Despite the difficulties encountered in the reporting period, the Italian portfolio’s occupancy, 95.6%, was maintained at a high level, even if it was down slightly compared to 96.2% reported at 31 March 2020. This figure testifies to the fact that almost all tenants decided to reopen once the restrictive measures were lifted.
In Romania the restrictions adopted by the Government as of 22 March also limited the operations of the Winmarkt malls: only the sale of food products, pharmaceutical items, veterinary products and a few other personal services was, in fact, allowed in the shopping centers; these categories represent approximately 21% of Winmarkt’s turnover.
There was a first easing of these restrictions on 15 May, but a few categories, like restaurants without outdoor dining and entertainment activities, including mainly cinema, are still not allowed to operate. All of this impacted the operating performance of the Group’s assets. Footfalls post-lockdown were down (-25%) and occupancy was lower than at 31 March 2020 coming in at 94.6% due mainly to the exit of a tenant with multiple points of sale.
Despite the complex situation, the pre-letting and renegotiations concluded during the half generated a significant upside of 4.83%, an encouraging figure for the continuation of the year.
In the first half of the year, gross rental income fell -3.5% to €74.6 million and was only partially impacted by the unforeseen situation. The change is explained by:
- for around -€4 million, lower revenue not like-for-like attributable also to remodeling;
- for around -€1.3 million, lower revenue like-for-like in Italy. The decrease is almost entirely attributable to malls
(-3%) due above all to the drop in variable and temporary revenue linked to the lockdown period; hypermarkets were stable (+0.2%) consistent with their full operation even during the period of restrictions;
- for around -€0.1 million, lower revenue like-for-like (-20.1%) in Romania due to the temporary reductions already contractualized before 30 June, as well as lower variable revenue and the exit of a tenant with multiple points of sale.
Negotiations are underway with the tenants to define how to manage the lockdown period and become fully operational, with a view to mutual sustainability and good faith; generally no changes to existing leases are foreseen, while deferred payments and temporary reductions are, the effect of which will be recognized entirely in the current year (without any carry over in subsequent years ).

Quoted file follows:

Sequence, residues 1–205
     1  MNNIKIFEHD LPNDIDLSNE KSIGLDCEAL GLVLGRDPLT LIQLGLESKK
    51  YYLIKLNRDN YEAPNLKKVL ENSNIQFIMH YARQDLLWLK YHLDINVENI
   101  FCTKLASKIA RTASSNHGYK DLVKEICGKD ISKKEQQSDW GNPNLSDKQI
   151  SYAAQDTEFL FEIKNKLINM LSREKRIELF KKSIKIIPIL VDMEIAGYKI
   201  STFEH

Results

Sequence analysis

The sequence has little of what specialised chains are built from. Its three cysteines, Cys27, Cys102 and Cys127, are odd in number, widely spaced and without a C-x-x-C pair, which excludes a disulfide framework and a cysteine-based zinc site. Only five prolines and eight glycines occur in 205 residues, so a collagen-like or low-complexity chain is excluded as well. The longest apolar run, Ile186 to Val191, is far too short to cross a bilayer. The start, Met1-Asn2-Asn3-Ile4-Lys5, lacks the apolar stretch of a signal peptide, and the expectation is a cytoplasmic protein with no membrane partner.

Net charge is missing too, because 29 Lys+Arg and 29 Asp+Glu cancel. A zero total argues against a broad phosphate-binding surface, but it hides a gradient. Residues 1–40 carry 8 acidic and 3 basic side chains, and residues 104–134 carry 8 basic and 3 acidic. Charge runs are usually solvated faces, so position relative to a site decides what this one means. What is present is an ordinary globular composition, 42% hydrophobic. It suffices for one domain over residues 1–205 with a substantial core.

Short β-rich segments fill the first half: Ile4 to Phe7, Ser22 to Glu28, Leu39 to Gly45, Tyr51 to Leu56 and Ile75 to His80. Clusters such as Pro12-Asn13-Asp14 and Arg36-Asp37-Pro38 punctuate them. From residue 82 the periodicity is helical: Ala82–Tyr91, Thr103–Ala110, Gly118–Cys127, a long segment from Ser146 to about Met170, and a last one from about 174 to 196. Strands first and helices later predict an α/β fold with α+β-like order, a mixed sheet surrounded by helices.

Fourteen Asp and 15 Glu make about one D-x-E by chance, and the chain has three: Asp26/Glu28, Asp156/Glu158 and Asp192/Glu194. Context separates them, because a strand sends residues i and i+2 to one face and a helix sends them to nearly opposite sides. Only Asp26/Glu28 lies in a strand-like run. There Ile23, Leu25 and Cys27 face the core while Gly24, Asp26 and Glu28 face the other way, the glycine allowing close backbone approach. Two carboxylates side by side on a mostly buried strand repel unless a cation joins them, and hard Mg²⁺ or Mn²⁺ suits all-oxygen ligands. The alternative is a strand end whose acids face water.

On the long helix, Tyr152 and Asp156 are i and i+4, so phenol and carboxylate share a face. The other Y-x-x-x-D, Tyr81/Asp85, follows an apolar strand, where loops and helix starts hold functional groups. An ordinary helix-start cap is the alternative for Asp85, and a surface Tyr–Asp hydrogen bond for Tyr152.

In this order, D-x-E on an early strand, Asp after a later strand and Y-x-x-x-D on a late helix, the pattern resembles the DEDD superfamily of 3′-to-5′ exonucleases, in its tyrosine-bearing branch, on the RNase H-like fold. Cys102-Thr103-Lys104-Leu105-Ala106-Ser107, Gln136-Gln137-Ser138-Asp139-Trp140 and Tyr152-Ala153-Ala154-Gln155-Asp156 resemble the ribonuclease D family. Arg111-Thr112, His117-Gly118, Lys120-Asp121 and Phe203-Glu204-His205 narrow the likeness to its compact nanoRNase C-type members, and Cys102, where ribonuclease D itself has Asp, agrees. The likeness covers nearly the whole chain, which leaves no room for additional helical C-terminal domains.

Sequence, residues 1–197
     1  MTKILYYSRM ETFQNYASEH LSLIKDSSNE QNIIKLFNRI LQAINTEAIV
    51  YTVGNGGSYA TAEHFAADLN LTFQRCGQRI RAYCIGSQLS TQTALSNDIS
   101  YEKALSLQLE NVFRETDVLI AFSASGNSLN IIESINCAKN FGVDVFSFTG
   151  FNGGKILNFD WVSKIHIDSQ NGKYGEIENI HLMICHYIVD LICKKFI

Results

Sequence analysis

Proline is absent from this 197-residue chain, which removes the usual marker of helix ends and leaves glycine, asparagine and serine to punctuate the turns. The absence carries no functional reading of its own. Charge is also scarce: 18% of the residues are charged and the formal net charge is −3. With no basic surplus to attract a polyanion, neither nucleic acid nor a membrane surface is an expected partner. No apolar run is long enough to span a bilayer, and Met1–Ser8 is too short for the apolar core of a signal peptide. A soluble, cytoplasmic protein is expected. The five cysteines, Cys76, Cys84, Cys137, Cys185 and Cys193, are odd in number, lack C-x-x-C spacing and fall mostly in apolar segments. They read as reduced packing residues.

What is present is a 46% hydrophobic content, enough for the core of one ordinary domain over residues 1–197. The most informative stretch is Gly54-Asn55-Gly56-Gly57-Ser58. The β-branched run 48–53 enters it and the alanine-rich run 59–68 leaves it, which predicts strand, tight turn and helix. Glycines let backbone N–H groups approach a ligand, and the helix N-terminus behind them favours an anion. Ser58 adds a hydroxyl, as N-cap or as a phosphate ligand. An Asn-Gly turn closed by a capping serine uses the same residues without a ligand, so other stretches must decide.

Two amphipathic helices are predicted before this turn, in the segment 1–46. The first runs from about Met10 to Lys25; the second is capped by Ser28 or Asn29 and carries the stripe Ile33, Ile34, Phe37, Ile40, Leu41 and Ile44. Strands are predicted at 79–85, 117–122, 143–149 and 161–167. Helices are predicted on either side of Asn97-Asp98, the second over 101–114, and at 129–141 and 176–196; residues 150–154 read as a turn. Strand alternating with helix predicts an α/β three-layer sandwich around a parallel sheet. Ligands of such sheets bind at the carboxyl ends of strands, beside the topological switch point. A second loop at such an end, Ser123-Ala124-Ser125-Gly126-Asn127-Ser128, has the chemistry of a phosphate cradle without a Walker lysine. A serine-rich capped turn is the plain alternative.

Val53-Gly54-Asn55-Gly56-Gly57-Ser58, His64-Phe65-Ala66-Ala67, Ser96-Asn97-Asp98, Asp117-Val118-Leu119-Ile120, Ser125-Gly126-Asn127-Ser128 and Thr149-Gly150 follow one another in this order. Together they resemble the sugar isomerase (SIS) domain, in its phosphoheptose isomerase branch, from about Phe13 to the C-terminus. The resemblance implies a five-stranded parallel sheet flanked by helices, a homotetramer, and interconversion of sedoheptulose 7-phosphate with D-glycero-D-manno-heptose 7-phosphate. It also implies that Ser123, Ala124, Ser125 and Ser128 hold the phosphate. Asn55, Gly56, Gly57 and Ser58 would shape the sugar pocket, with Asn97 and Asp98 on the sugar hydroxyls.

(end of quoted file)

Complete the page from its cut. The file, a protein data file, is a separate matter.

In Italy 70% of the total negotiations have been completed to date. The timing was also affected by the definition of government tax relief, relating to commercial rents, for a few categories of retailers. While waiting to have a complete picture of the agreements and verify the operating performances, the Company decided to recognize part of the impact that these are expected to have on the Company’s consolidated half-year results by allocating €8.5 million, or approximately one month of revenue, to a specific provision. The total revenue, net of these provisions, would have been down by -14.5%.
Approximately 93% of Italy’s first quarter turnover has already been collected; billing for the second quarter was monthly and payments postponed: for April payments are due on 30 June (payments have been received from about 50% of the mall retailers, but the figure is expected to improve as the number of finalized negotiations increases); for May payments are due on 10 September and for June payments fall due on 10 November. With regard to hypermarkets, consistent with their full operation, 100% of the turnover for the first two quarters has been collected. Overall collections in the first half, net of deferrals, for hypermarkets and malls came to 87% of turnover, a more than satisfactory result.
In Romania 98% of the tenant negotiations has already been finalized. 100% of the first quarter turnover has been collected and billing in the second quarter was monthly with payments for April and May postponed to 30 September, while payments for June are as per the lease. At the moment approximately 66% has been collected.
Net rental income amounted to €56.3 million, down -17.9% against the same period of the prior year, due above all to the one-off provisions made in the period described above and the condominium fees.
Core business Ebitda fell 18.3% to €51.4 million, while the margin came to 66.1%. The freehold core business Ebitda (relative to freehold properties) reached 66.7 %. General expenses fell -9.7% as a result of the Group’s cost containment actions.
Financial charges amounted to €18.0 million; this figure, net of the accounting impact of the last bond issue completed in November 2019 and excluding the negative carry of roughly €2.7 million (linked to the refinancing of future maturities), is 9.8% lower than in 1H 2019.
Funds from Operations (FFO) amounted to €32.9 million, lower than in 30 June 2019 (-21.4%), including the estimated one-off impact of Covid-19 on the half.
ASSET MANAGEMENT AND DEVELOPMENT PIPELINE
With a view to mitigating the negative effects of a hypothetical drop in revenue, the foreseeable difficulties with credit collection and maintain a solid and balanced financial structure, the Group decided to adopt additional extraordinary measures including the suspension/postponement or cancellation of a few capex and investments slotted for this year, resulting in a circa €40 million reduction in the expected cash out.